Federal Agencies Publish Additional Parity Regulatory Guidance | The Kennedy Forum

Federal Agencies Publish Additional Parity Regulatory Guidance
October 16, 2019

New FAQs and Module Disclosure Form Continue to Clarify Compliance Requirements

On September 5, 2019, the U.S. Departments of Labor, Health and Human Services and Internal Revenue Services finalized Frequently Asked Questions (FAQs) that provide additional insights on the nonquantitative treatment limitations (NQTL) requirements of the Mental Health Parity and Addiction Equity Act of 2008 (Federal Parity Law).


Since the adoption of the Federal Parity Law, the federal agencies have published several rounds of FAQs to help provide a framework for insurers to become parity compliant. Most of the previous FAQs are listed with hyperlinks on the Parity Implementation Coalition’s website, and can be accessed here.

As a cornerstone of the Federal Parity Law, insurers must meet specific requirements in terms of how mental health and substance use disorder (MH/SUD) benefits are covered and paid for in comparison to medical/surgical benefits. To learn more about the Federal Parity Law requirements, The Kennedy Forum has published some helpful information on its FAQ page.

The New FAQs

The new FAQs published last month provide additional insights on how insurers can be parity compliant through 11 specific scenarios. In particular, several NQTL and disclosures examples address:

  • Experimental treatment exclusions
  • The ranking of medical evidence to justify coverage
  • Permissible dosage limits and exclusions for prescription medications
  • Step therapy and fail-first policies
  • Proper methods to establish provider reimbursement rates
  • Insights on network adequacy protocols
  • Ways to promote appropriate plan disclosure
  • The need to keep a health plan’s online provider directory up to date

Although FAQs do not establish any new requirements per se, they do reference several specific MH/SUD conditions, including autism, eating disorders, and substance use disorders. The FAQs also showcase examples of insurer processes that are—and are not—in compliance with the Federal Parity Law.

Model Disclosure Form

In addition, the Model Disclosure Form (starting on page 16 of the FAQ document) is designed to be used by consumers to gain a better understanding of how their health plan is covering MH/SUD benefits in comparison to medical/surgical benefits. The form allows people to request both general information, such as the insurer’s prior authorization policies, and specific information, such as the medical necessity criteria that was used to deny a claim.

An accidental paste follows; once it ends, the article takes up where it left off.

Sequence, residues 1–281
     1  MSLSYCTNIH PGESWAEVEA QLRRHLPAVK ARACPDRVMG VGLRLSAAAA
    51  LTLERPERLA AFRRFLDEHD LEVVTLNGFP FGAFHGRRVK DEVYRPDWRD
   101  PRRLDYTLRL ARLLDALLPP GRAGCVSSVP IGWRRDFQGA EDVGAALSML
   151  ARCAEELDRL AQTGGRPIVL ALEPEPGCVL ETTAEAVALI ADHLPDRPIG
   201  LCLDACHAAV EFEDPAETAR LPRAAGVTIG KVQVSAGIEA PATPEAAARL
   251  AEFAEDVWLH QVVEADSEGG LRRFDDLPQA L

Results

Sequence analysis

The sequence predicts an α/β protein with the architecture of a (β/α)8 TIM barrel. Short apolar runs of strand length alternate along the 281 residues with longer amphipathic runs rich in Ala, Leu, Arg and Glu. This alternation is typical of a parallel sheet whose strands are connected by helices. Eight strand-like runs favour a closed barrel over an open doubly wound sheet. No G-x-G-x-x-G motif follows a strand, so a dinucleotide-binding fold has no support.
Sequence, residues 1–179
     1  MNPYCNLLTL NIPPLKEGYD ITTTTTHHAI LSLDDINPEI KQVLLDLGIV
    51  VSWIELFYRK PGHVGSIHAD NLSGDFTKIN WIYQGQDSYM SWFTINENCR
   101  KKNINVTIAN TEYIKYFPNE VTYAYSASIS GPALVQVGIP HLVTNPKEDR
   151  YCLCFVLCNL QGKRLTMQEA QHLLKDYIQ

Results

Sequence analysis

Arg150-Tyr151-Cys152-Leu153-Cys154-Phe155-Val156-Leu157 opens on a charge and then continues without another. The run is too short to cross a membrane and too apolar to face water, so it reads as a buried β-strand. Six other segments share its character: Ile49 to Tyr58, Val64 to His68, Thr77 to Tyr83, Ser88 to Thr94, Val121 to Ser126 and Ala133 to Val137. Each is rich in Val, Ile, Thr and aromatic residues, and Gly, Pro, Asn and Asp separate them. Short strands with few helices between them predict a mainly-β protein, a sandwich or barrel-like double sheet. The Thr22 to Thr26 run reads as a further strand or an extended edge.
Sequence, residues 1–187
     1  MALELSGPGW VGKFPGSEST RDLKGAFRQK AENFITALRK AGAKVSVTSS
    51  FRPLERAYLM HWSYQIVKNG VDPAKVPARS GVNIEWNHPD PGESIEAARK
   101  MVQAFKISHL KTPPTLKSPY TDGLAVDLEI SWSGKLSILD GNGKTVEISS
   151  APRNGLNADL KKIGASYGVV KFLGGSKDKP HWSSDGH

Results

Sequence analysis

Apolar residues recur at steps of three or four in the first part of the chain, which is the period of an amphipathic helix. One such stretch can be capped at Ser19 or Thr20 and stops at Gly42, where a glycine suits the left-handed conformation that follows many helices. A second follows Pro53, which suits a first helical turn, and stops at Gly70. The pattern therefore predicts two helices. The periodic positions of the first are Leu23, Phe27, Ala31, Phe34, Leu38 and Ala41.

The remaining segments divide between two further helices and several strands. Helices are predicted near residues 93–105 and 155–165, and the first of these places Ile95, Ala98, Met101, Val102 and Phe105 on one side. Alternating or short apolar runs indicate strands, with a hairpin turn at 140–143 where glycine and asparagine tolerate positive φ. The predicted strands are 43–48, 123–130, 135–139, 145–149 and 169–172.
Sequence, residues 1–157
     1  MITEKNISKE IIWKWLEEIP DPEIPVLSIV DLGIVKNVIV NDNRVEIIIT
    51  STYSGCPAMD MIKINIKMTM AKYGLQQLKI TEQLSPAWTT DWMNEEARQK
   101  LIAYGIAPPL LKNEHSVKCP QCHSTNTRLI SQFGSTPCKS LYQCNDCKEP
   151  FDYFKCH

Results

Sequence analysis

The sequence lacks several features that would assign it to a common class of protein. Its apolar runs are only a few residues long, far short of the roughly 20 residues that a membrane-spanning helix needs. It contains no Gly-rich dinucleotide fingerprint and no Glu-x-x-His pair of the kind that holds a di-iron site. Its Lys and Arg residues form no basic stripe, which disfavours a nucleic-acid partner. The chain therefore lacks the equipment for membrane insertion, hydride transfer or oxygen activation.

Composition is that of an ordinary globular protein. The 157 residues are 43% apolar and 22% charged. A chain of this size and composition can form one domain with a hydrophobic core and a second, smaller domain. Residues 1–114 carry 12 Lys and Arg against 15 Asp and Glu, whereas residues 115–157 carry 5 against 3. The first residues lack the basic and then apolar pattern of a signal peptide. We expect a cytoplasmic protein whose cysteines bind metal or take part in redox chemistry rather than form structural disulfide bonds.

The Model Disclosure Form incorporates the use of the “six-steps” methodology that was first introduced by The Kennedy Forum, the American Psychiatric Association, and the Parity Implementation Coalition in 2017.

An overview of the six-step compliance process is highlighted in the infographic. The new Model Disclosure Form leverages this approach by empowering consumers to ask their insurers to:

  • Provide specific plan language regarding key MH/SUD limitation(s) in part by identifying the medical/surgical and mental health or substance use disorder benefits.
  • Identify the factors used in the development of the limitation(s).
  • Identify the sources (including any processes, strategies, or evidentiary standards) used to evaluate the factors.
  • Identify the methods and analysis used in the development of the limitation(s).
  • Provide any evidence and documentation to establish that the limitation(s) is applied no more stringently, as written and in operation, to mental health and substance use disorder benefits than to medical and surgical benefits.

(See FAQs pages 20-21).

Navigating Parity

Although the FAQs and The Model Disclosure Forum shed additional light on key aspects of the Federal Parity Law, much of its regulatory framework remains difficult for consumers and others to understand.  Resources are available to better explain how the Federal Parity Law impacts insured individuals depending on what type of coverage they have and where they live. See the “Resources” pages on www.parityregistry.org, which lists key regulatory and other information by state, and www.paritytrack.org, which includes information on how to file an appeal and more.

Taking the time to understand patient rights and insurer obligations will go a long way in helping to ensure proper access and coverage for MH/SUD treatment.